March 19th, 2021

Tiny Travels: Alpaca walking should probably be your next great pandemic adventure

Three miniature people figurings sit atop an alpaca stuffy.

There’s really only one real rule for walking an alpaca at Wings and a Prayer Alpacas: You walk the alpaca, the alpaca doesn’t walk you.

This is good advice for anyone so taken by the natural smile, fuzzy faces, long necks and endearing cocked heads of the South American Andes Mountain natives that they can’t live another day without checking out the farm’s new AlpacaTrek experience. That was certainly us: Family of four, one year of distance learning behind us, two parents with two jobs (and then some), and a heavy case of emerging spring fever. 

You’ve passed Wings and a Prayer Alpacas if you’ve ever taken HWY 99W south from McMinnville. Perhaps you’ve even pulled in for a few minutes to make faces at the alpacas, pet some of the Great Pyrenees Puppies, or just gazed over the field of roaming Suris, the specific breed of alpaca raised there. 

But Alpaca Walking is pretty much PEAK ALPACA. It’s likely the closest you will get to alpacas unless you own one.

Owner Barbara Coleman gave us her quick Alpaca 101 talk at the side of the main pasture next to the highway while fuzzy heads looked on. 

A quick primer: Alpacas are camelids, softer and smaller than their llama cousins. They eat pasture and grass hay and adapt to many climates easily. Suris, the kind who live at the Amity farm, are known for their silky fleece, prized among textile artists, knitters and some clothing manufacturers. They aren’t as in-your-face as llamas are known to be.

“They can be quite aloof,” said owner Barbara Coleman, our guide for the trek. “They kind of just want to do their thing out in the pasture most of the time.”

The kids, 8 and 11, both got one for themselves, a fuzzy brown named Giselle and a black female named Betty. We set out from the barn up the hill as the sun darted in and out behind the clouds. Barbara led Checkmate, a light tan Suri, while the farm dog Jack tagged along.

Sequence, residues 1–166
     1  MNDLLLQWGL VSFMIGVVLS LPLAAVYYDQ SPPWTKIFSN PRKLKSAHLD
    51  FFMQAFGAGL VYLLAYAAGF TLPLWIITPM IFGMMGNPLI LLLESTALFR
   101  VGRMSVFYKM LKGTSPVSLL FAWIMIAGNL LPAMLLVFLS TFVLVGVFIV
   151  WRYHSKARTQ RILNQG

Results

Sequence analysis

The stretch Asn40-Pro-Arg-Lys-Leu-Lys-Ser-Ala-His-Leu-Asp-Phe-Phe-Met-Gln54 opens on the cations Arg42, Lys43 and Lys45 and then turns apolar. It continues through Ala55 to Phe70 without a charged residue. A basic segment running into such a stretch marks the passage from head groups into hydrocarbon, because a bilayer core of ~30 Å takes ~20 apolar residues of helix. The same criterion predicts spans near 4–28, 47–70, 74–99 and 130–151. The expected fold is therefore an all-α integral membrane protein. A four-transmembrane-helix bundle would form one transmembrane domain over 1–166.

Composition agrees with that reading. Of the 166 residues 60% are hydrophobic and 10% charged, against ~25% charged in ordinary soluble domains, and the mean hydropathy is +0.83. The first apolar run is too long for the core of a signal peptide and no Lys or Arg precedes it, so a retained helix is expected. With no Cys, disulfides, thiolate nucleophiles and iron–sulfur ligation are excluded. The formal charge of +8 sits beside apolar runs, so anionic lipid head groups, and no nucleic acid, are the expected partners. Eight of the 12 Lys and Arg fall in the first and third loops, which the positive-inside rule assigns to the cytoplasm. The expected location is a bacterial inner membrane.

Two boys and a woman each walk an alpaca.

The alpacas were quiet companions, content to walk as the kids got used to leading them on harnesses. It got a little jumpy in there when Betty snagged on a blackberry branch, but mostly it is cuteness overload, kids and alpacas out in the fresh air walking in the Oregon wild. We tramped around for about half an hour before leading our fuzzy friends down the hill safely back to the barn.

It struck me, as we turned the last bend, that our kids have so little control over their lives right now, so few chances to learn about the delicate give-and-take needed to stay in the moment with other living creatures.

Or, as our elder son said: “This was one of the best days of my life.”


  • It’s a leisurely 20-30 minute walk through an Oregon oak grove behind the property
  • Cost is $25 per person and goes to support the farm and the animals
  • Children are welcome but they must be able to be firm with the alpaca as the animals can get a bit jumpy
  • Groups are welcome
  • Call ahead to schedule: 503-310-9367 or 503-263-6944
  • Be sure to stop in at the store where the family sells clothing and other alpaca products
  • Request to see sets of Pyrenees puppies who are sometimes there on site. They are likely spoken for by other pet parents already, but are sure to lift your spirits.
Illustration of writer, Emily Grosvenor

Emily Grosvenor is the creator of Tiny Travels, #mcminnvillendentist and the Editor of Oregon Home Magazine.